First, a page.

The next avenue for challenging a trust or will is demonstrating that the deceased individual lacked the requisite mental capacity at the time they signed the estate planning device. Typically, Arkansas courts apply the same standard of mental capacity when reviewing contests to both wills and trusts. Generally, an individual has the requisite mental capacity to make a trust or will if they understand the extent and condition of their property, how they are giving property away, and to whom they will be giving their property. Mental capacity is typically measured as of the time the trust or will is signed, not before or after it was signed.
Another way to challenge a trust or will is to claim that the individual was improperly influenced at the time they signed the document. Undue influence occurs when an individual uses a position of power over another person to deprive them of their free agency in the disposition of their property when making a will or trust. The influence exerted must be specifically directed toward procuring a trust or will in favor of a particular party. This type of claim is closely related to lack of mental capacity because factors that indicate a lack of mental capacity can also be used to prove undue influence.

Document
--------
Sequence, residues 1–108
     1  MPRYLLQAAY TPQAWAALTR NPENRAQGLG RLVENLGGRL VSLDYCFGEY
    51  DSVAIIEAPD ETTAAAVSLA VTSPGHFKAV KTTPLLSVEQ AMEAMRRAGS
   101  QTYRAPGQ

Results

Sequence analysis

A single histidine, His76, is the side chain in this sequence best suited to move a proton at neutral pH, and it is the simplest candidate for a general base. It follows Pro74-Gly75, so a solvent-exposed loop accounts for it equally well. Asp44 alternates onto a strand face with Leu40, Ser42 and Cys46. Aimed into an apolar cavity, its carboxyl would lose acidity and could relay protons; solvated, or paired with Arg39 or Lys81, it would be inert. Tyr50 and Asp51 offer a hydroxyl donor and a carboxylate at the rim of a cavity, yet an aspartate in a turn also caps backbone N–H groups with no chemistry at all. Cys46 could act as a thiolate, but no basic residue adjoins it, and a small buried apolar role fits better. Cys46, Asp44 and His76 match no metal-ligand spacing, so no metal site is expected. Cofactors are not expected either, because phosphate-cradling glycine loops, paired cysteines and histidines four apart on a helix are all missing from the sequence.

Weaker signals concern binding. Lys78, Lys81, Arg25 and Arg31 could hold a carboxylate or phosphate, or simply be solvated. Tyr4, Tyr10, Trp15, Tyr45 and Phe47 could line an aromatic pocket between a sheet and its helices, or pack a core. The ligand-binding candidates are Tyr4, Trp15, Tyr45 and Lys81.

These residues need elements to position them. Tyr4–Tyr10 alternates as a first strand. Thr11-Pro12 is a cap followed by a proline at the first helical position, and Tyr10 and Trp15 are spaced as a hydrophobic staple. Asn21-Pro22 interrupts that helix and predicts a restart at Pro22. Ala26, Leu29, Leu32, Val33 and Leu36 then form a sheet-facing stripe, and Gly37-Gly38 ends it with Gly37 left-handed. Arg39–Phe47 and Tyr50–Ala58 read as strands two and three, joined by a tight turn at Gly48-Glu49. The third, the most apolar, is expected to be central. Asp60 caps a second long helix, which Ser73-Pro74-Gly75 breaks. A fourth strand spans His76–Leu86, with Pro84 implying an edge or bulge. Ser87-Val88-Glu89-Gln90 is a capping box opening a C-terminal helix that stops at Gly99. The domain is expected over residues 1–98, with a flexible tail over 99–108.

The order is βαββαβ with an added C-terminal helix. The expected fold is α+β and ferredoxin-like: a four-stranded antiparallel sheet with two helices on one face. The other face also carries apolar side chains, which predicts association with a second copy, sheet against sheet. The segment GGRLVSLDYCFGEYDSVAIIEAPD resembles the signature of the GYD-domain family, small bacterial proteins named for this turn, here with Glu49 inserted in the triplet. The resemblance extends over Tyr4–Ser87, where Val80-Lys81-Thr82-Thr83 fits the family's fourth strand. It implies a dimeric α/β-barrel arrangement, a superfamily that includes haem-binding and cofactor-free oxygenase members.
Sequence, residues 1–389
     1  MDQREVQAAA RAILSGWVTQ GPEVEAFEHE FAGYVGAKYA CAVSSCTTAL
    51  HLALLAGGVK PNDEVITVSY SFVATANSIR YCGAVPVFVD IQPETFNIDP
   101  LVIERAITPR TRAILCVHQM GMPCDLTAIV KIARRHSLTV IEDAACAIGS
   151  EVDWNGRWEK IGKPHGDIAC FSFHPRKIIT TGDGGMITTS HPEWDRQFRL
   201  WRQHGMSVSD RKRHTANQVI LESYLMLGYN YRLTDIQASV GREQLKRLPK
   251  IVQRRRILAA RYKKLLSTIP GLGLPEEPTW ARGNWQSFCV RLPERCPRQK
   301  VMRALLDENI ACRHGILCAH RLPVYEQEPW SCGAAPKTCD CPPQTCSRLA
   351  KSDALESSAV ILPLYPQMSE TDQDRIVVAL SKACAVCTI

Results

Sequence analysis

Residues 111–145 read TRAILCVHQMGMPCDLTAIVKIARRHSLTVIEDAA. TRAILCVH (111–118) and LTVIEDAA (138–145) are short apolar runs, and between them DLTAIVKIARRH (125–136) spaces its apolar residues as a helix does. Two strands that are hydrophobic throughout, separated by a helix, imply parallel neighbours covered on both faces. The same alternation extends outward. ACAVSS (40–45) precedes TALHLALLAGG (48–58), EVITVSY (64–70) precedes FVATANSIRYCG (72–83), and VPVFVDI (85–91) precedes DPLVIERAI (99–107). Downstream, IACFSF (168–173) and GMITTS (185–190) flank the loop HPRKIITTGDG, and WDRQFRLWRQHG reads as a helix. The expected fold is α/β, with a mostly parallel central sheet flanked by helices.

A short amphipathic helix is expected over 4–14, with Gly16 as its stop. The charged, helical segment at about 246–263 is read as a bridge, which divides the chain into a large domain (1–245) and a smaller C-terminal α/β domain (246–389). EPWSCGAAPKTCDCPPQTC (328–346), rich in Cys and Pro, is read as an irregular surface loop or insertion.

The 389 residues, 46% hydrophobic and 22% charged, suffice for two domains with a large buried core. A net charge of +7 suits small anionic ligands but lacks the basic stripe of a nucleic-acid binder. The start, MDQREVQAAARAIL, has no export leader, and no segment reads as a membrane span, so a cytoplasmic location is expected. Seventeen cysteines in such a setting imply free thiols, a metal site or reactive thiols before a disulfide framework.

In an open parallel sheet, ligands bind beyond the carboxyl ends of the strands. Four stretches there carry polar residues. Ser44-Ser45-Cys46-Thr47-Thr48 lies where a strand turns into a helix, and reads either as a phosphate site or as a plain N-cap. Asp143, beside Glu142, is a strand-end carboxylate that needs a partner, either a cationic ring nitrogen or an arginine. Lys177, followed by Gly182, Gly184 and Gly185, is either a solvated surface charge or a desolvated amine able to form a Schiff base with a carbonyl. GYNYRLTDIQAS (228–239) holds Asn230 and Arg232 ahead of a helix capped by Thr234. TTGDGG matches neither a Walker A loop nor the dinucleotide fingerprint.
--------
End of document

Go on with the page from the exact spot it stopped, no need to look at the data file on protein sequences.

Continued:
Finally, a trust or will can be challenged based on fraud or mistake. This type of claim can arise in a circumstance such as a will or trust that is signed by someone who thinks they are signing some other type of document.
In re Estate of Haverstick, 2021 Ark. 233, 635 S.W.3d 482:
In Haverstick, two sons contested the validity of their father’s will alleging his wife had unduly influenced him to dilute their share of an annuity devised under the will. The Circuit Court found that the will was valid. The Arkansas Court of Appeals upheld this decision, and the case was subsequently appealed to the Arkansas Supreme Court.